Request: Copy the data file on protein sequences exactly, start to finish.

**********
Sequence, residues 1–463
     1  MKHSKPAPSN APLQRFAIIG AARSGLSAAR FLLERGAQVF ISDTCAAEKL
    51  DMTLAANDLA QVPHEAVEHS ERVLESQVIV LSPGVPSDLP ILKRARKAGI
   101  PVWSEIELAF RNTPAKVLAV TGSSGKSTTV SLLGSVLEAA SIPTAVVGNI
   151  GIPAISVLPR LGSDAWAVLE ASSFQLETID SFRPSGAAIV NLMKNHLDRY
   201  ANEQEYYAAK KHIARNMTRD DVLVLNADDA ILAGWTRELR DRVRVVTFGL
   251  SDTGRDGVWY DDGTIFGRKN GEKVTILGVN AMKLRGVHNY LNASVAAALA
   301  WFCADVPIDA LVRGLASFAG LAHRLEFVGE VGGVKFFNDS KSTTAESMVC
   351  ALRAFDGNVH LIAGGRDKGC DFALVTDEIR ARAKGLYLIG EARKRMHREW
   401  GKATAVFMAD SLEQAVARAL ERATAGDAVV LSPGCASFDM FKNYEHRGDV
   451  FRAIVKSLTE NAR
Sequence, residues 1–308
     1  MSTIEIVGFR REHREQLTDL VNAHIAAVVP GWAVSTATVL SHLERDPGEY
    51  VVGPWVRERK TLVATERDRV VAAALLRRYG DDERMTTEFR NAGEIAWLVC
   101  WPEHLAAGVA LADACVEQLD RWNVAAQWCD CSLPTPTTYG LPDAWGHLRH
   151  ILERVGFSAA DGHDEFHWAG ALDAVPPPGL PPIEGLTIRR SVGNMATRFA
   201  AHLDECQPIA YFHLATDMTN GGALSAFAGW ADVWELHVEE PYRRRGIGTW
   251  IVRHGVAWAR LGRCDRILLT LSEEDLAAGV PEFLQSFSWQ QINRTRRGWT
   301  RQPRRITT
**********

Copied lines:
Sequence, residues 1–463
     1  MKHSKPAPSN APLQRFAIIG AARSGLSAAR FLLERGAQVF ISDTCAAEKL
    51  DMTLAANDLA QVPHEAVEHS ERVLESQVIV LSPGVPSDLP ILKRARKAGI
   101  PVWSEIELAF RNTPAKVLAV TGSSGKSTTV SLLGSVLEAA SIPTAVVGNI
   151  GIPAISVLPR LGSDAWAVLE ASSFQLETID SFRPSGAAIV NLMKNHLDRY
   201  ANEQEYYAAK KHIARNMTRD DVLVLNADDA ILAGWTRELR DRVRVVTFGL
   251  SDTGRDGVWY DDGTIFGRKN GEKVTILGVN AMKLRGVHNY LNASVAAALA
   301  WFCADVPIDA LVRGLASFAG LAHRLEFVGE VGGVKFFNDS KSTTAESMVC
   351  ALRAFDGNVH LIAGGRDKGC DFALVTDEIR ARAKGLYLIG EARKRMHREW
   401  GKATAVFMAD SLEQAVARAL ERATAGDAVV LSPGCASFDM FKNYEHRGDV
   451  FRAIVKSLTE NAR
Sequence, residues 1–308
     1  MSTIEIVGFR REHREQLTDL VNAHIAAVVP GWAVSTATVL SHLERDPGEY
    51  VVGPWVRERK TLVATERDRV VAAALLRRYG DDERMTTEFR NAGEIAWLVC
   101  WPEHLAAGVA LADACVEQLD RWNVAAQWCD CSLPTPTTYG LPDAWGHLRH
   151  ILERVGFSAA DGHDEFHWAG ALDAVPPPGL PPIEGLTIRR SVGNMATRFA
   201  AHLDECQPIA YFHLATDMTN GGALSAFAGW ADVWELHVEE PYRRRGIGTW
   251  IVRHGVAWAR LGRCDRILLT LSEEDLAAGV PEFLQSFSWQ QINRTRRGWT
   301  RQPRRITT